Because the budget was hacked to pieces, the movie ended up looking incredibly cheap. None of the action is believable, the green screen worlds look atrocious, and costumes, wigs, and The Thing’s CGI all look like Halloween costumes. For most other superhero movies, this would be a huge problem, but the 2015 Fantastic Four isn’t all that interested in being a typical superhero movie. A few of its body horror moments do actually work, like when Reed Richards first wakes up in a lab after having gained his elastic powers, or when Doctor Doom (Toby Kebbell) walks around a military base, telepathically blowing up soldiers’ heads. These moments don’t require flashy special effects. Instead, they rely more on their actors, as well as the tone and filmmaking style that Trank actually seemed interested in chasing. These bright spots are few and far between, though. By and large, Fantastic Four is a tough watch.

Josh Trank Has Looked Back on His Marvel Mishap With Mixed Feelings

Image via Marvel Entertainment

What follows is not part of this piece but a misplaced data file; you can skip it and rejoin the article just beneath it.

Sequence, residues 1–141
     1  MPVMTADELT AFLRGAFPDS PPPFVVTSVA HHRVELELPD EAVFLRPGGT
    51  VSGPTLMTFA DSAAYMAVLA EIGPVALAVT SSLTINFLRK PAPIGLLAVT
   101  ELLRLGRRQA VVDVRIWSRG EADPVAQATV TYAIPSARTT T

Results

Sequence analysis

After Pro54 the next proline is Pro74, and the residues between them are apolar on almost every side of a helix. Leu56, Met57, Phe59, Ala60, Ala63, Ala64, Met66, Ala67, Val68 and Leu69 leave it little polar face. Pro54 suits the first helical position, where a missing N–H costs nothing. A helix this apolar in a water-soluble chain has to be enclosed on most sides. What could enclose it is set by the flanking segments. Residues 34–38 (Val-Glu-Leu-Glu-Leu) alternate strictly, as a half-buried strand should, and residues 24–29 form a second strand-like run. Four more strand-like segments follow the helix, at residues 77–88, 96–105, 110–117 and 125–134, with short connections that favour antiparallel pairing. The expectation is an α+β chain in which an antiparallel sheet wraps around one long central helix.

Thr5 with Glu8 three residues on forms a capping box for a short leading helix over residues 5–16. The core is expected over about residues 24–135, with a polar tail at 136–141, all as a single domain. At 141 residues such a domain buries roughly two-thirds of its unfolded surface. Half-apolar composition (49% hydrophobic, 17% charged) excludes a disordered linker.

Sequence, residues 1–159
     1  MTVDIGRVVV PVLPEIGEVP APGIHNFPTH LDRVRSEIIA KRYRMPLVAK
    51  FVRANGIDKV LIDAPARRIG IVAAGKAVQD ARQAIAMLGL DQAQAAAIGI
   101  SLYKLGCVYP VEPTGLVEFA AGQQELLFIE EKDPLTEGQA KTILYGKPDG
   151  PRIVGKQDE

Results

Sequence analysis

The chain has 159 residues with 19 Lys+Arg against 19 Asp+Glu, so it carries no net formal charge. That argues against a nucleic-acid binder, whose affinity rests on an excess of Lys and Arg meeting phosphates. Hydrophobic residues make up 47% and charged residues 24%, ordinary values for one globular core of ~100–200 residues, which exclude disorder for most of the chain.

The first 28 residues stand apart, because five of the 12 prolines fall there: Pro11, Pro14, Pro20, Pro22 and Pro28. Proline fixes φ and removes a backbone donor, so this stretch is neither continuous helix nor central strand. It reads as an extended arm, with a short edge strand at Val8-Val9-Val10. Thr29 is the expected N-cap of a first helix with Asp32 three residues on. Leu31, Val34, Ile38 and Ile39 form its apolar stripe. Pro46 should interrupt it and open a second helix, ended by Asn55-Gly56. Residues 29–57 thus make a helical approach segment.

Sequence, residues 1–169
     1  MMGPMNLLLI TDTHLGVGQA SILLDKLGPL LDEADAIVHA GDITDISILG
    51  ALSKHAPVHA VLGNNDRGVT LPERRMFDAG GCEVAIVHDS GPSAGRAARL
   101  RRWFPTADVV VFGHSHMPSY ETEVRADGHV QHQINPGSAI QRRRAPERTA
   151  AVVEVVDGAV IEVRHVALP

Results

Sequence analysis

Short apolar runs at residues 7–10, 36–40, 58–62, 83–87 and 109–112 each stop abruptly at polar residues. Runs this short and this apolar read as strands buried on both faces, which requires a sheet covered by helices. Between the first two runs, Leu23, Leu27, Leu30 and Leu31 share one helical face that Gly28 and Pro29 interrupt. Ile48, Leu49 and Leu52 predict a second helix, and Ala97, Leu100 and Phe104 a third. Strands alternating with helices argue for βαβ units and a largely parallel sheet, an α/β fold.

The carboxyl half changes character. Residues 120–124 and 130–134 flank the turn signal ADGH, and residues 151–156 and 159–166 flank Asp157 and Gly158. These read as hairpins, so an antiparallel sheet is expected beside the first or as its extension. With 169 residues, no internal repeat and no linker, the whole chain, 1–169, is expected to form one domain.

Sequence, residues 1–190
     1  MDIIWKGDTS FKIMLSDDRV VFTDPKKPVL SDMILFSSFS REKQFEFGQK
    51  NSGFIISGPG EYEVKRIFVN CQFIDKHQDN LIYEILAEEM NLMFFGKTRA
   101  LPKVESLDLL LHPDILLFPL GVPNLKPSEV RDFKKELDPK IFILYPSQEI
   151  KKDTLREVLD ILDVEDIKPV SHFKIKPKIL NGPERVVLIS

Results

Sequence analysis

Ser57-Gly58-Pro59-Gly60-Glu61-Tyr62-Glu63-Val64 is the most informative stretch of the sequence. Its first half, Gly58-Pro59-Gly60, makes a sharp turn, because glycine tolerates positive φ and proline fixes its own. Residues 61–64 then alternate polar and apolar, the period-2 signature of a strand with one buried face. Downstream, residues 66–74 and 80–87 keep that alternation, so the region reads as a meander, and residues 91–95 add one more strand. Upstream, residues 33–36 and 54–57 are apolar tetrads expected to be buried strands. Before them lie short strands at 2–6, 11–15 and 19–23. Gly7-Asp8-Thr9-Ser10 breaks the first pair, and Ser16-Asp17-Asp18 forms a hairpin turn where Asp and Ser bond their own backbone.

This was all made more fun by the fact that just before the movie was released, Josh Trank took to Twitter and said “A year ago I had a fantastic version of this. And it would’ve received great reviews. You’ll probably never see it. That’s reality though.” He deleted the Tweet soon after. However, in 2019, Trank hopped on Letterboxd and elaborated on his thoughts. In this review of his own movie, Trank said “The movie is ALRIGHT. I was expecting it to be much worse than it was. I literally haven’t seen it since like two weeks before it came out, and I was in a heavily fucking traumatized state of mind. Why? Eh, save that for another time.” He went on to praise the cast but then questioned whether or not they ended up making the movie that they initially hoped to. Don’t get your hopes up for a “Trank Cut” either, because he even goes on to shoot the likelihood of that down. The review basically wraps up with Trank recognizing the difficult circumstances that he was facing going into his second movie and seems to have a bit of peace about it all. Given what he was dealt, Trank deserves that at the very least.